Dotterel (New Zealand) Charadrius obscurus
Species: C. obscurus
Binomial name: Charadrius obscurus
Common names: New Zealand Plover, Red-breasted Plover, Red-breasted dotterel, New Zealand Dotterel, Tūturiwhatu, Pukunui, Kūkuruatu.
Charadrius obscurusis is the largest bird of its genus (25 cm. weight 130 -170g) and is an endangered species found only in certain areas of New Zealand. There are two subspecies, C. o. obscurus only on Stewart Island and C. o. aquilonius at the northerly end of the North Island this includes Auckland and the Coromandel.
They are shorebirds and are usually found on sandy beaches and sandspits or feeding on tidal estuaries. Around 1990 these birds were nearing extinction with about 1300 northern dotterels and approximately 75 or so southern dotterels but conservation measures have been effective in raising these numbers to 1700 and 250 respectively by 2005.
Charadrius obscurus can be recognised by its predominantly grey-brown upperparts and off-white underparts which become flushed with rusty-orange during the breeding season. Males can be distinguished from females by having a slightly redder breast for much of the year. They have a prominent head, large dark-brown eyes and a strong black bill. The feathers of the back are striped with paler patches throughout and this cryptic colouration camouflages the bird against its environment. Their distinctive ‘chip-chip’ call is often heard before the birds are seen.
Eggs are laid in the spring and summer on beaches above the high tide mark. The nest is just a shallow hole dug in the ground. The chicks hatch about 28 days after the eggs have been laid. Because the nests are on the ground, chicks can walk the day they hatch and can usually fly within 6–8 weeks.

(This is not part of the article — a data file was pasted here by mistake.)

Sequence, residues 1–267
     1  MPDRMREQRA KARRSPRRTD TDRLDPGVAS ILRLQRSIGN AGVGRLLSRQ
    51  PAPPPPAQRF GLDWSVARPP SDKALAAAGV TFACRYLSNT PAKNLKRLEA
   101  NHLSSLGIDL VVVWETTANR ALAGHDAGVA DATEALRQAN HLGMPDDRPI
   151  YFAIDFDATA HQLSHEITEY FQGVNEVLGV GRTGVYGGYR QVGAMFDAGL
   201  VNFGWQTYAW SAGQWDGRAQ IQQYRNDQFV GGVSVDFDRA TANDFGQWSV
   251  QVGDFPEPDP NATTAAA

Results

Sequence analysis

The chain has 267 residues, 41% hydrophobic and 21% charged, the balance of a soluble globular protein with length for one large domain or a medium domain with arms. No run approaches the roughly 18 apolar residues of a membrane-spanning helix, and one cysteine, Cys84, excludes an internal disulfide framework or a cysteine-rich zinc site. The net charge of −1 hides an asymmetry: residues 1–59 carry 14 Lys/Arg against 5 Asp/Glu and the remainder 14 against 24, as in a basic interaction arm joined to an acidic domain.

Causes of their decline.
The extinction of the New Zealand dotterel on the South Island was primarily caused by introduced predators, with the principle predators being hedgehogs, stoats, weasels, gulls, hawks, rats, cats and dogs. Feral cats and rats remain the greatest threat on the North Island birds. Wid pigs are a predator on Cape Reinga's birds.
Habitat loss and human disturbance during breeding have also had a dramatic impact on populations and continue to pose serious threats. In particular, housing, industrial and tourism developments on the North Island, combined with the encroachment of dune-stabilising weeds, have reduced habitat. Growing recreational use of the coastline is also set to increasingly impact on breeding, roosting and feeding habitats. Four-wheel drive vehicles, picnickers and dogs can trample and disturb nests or draw defensive adults away from incubating their eggs. Additionally, storms and very high tides can destroy nests. Very few young survive to fledging age.
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